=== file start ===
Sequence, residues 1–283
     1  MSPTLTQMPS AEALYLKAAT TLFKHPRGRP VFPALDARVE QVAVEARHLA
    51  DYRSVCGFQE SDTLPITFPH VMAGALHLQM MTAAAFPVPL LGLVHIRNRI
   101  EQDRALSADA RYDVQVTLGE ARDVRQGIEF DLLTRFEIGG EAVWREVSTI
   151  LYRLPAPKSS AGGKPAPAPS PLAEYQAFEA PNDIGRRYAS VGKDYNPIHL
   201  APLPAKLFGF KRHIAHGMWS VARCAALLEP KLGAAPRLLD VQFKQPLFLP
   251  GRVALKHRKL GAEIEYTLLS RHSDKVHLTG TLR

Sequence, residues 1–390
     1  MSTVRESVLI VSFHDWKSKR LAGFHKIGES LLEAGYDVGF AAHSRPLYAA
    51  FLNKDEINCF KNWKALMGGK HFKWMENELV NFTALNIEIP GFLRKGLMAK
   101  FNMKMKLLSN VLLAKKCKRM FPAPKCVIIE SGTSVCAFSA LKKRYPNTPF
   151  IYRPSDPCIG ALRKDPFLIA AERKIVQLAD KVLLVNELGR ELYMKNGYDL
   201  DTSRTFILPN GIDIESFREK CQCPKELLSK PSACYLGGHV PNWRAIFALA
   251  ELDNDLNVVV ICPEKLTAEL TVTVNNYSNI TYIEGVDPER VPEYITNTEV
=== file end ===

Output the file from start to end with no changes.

Sequence, residues 1–283
     1  MSPTLTQMPS AEALYLKAAT TLFKHPRGRP VFPALDARVE QVAVEARHLA
    51  DYRSVCGFQE SDTLPITFPH VMAGALHLQM MTAAAFPVPL LGLVHIRNRI
   101  EQDRALSADA RYDVQVTLGE ARDVRQGIEF DLLTRFEIGG EAVWREVSTI
   151  LYRLPAPKSS AGGKPAPAPS PLAEYQAFEA PNDIGRRYAS VGKDYNPIHL
   201  APLPAKLFGF KRHIAHGMWS VARCAALLEP KLGAAPRLLD VQFKQPLFLP
   251  GRVALKHRKL GAEIEYTLLS RHSDKVHLTG TLR

Sequence, residues 1–390
     1  MSTVRESVLI VSFHDWKSKR LAGFHKIGES LLEAGYDVGF AAHSRPLYAA
    51  FLNKDEINCF KNWKALMGGK HFKWMENELV NFTALNIEIP GFLRKGLMAK
   101  FNMKMKLLSN VLLAKKCKRM FPAPKCVIIE SGTSVCAFSA LKKRYPNTPF
   151  IYRPSDPCIG ALRKDPFLIA AERKIVQLAD KVLLVNELGR ELYMKNGYDL
   201  DTSRTFILPN GIDIESFREK CQCPKELLSK PSACYLGGHV PNWRAIFALA
   251  ELDNDLNVVV ICPEKLTAEL TVTVNNYSNI TYIEGVDPER VPEYITNTEV